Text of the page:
As your Bezzy Migraine guide, Eileen has a goal of providing education and support, while helping you know that you aren’t in this alone.
Eileen Zollinger has lived with migraine most of her life. As a young child, she got carsick a lot (a telltale sign of migraine or future migraine when you’re a kid) and she had her first real experience with it when she was only about 2 or 3 years old.
Then, she had migraine attacks off and on throughout high school, though at first, she thought the pain was related to her jaw.
“I needed to have jaw surgery and I had a lot of work done on my teeth and stuff,” she says. “But apparently, it was actually migraine.”
Despite these recurrent, debilitating headaches, her migraine didn’t formally get diagnosed until she was about 26 years old.
“I had just come out of a very stressful job, and I was in a great job that was much less stress, but it was almost like a stress letdown trigger for migraine,” she remembers. “I started having daily attacks — pretty much a nonstop attack that never went away.”
At first, doctors thought it was a sinus infection — a common misdiagnosis — and her doctor treated her with antibiotics before figuring out that what she was actually dealing with was chronic migraine.
“That was the beginning of about 18 years straight of having nonstop daily attacks,” she says.
Today, Eileen’s migraine is still considered chronic, but well controlled.
It took a long time for her to get to that place: She saw a neurologist and tried several medications, but nothing worked. Then, in 2014, she had a migrainous infarction, which is a stroke that occurs alongside a migraine attack.
It wasn’t until March 2015 that she was able to control her migraine with the help of a headache specialist, a migraine diet, regular exercise, and a good sleep schedule.
Eileen has seven siblings. Most of them, she says, have experienced migraine at some point or another, though not as severely or as frequently.
“In a way, I was kind of blessed having had those people around me who had that experience because they were really supportive,” she says. “So many people don’t have anyone in their real lives who understand what’s going on in that way.”
For example, her sister-in-law also has migraine, which not only meant that she had someone around who understood what it was like, but also had help when it came to family responsibilities.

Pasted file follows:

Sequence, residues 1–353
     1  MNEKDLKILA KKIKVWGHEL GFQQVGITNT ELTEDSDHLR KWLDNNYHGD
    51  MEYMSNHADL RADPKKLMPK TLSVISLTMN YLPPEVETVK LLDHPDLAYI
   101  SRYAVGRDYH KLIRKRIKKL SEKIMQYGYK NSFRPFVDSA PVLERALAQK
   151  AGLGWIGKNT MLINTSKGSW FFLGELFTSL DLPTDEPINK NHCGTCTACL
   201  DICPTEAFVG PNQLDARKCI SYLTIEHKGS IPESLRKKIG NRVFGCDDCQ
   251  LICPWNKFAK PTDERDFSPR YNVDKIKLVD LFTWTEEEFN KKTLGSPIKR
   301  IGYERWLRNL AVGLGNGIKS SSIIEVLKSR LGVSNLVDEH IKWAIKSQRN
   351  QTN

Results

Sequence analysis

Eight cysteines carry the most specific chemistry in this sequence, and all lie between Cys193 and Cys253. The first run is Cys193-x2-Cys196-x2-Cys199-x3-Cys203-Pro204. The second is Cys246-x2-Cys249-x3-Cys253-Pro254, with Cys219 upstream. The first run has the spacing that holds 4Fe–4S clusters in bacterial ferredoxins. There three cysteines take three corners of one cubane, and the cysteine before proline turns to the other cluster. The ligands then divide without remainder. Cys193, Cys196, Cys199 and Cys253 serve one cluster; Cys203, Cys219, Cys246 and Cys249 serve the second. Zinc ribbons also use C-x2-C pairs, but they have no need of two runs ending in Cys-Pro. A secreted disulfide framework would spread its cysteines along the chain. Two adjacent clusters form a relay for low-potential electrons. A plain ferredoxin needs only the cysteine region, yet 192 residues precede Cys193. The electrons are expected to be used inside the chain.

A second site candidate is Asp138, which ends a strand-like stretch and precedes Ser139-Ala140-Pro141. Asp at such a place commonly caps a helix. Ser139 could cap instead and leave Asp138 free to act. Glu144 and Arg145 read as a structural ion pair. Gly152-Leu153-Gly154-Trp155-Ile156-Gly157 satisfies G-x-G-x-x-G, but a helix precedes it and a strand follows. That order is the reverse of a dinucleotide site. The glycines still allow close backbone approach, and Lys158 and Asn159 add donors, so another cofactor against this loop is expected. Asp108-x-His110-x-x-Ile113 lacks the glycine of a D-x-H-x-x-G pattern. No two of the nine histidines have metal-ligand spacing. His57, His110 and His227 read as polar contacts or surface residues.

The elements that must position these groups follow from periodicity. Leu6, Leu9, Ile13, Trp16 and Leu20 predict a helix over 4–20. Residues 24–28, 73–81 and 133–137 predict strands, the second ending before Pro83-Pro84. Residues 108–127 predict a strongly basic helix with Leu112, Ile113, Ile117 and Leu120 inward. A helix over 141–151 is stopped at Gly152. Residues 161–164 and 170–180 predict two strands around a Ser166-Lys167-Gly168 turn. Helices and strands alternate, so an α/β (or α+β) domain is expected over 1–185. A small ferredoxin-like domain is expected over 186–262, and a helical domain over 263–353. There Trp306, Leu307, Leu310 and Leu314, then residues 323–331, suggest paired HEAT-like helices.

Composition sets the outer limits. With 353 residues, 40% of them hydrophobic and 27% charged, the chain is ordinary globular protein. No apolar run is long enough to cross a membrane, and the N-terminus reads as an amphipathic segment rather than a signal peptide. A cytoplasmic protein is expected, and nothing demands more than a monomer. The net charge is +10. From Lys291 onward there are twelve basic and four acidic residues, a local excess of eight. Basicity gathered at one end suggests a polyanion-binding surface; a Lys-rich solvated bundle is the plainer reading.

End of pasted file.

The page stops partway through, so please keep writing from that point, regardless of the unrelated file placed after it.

“The two of us really tried to help each other with the kids,” she says. “She would take mine when I was having a really bad attack and I would help her when I could.”
As a result, she didn’t initially look for a migraine community the way others might. However, after she finally got some help in March 2015, she experienced her first break in migraine — a break that lasted 22 days.
That, she says, is when she started reaching out to the migraine community.
Being able to talk with people about both my experience and something that we might have in common with experiences, I think, is perfect.
— Eileen zollinger
“I wanted people to know that they can do more than just take medication for their migraine attacks,” she said. “I didn’t know if anybody else knew that because I had never heard of it. So I tried to find other people who were in the same boat.”
That is how Eileen came to start Migraine Strong, a site to share information about migraine disease for people who might feel hopeless because of their chronic migraine. Eventually, she was asked to be a guide for Bezzy Migraine.
“The term ‘guide’ is really applicable here because I have had a long history of experiencing migraine, and so I have a sort of vast array of different experiences with it,” she says. “Being able to talk with people about both my experience and something that we might have in common with experiences, I think, is perfect.”
As the Bezzy Migraine guide, Eileen welcomes new community members, keeps the conversation productive, and leads daily live discussions. She sees her role as a way to help people learn about what they’re experiencing and also make sure they know that they’re not alone.
How do you navigate those waters without somebody else who’s been there and done that — or at least somebody who is willing to listen to you and lend you a hand in trying to figure out how to manage it?
— Eileen zollinger
“So many people aren’t really supported, whether it’s in the workplace or at home,” she says.
This is why the Bezzy Migraine community serves such an important role.
“How do you navigate those waters without somebody else who’s been there and done that — or at least somebody who is willing to listen to you and lend you a hand in trying to figure out how to manage it? I want those people to know that they’re not alone.”
Medically reviewed on January 03, 2022
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